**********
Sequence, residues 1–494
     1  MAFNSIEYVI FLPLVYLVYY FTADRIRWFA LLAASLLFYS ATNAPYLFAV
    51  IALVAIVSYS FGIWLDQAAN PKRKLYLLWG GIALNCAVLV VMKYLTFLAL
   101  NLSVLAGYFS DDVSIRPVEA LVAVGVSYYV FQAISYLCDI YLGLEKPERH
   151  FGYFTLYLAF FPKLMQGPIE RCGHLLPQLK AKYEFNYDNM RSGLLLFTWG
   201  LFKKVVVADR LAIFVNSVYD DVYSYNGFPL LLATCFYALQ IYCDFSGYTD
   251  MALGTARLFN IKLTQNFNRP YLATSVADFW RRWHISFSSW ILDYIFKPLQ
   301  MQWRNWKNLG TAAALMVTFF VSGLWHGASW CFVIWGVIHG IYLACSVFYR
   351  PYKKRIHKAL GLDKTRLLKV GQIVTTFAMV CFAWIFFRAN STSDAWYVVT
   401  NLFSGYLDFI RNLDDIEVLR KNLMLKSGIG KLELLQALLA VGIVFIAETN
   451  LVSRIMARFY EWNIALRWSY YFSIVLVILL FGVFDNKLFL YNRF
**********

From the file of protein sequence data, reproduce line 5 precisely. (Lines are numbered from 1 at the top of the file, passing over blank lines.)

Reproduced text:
   151  FGYFTLYLAF FPKLMQGPIE RCGHLLPQLK AKYEFNYDNM RSGLLLFTWG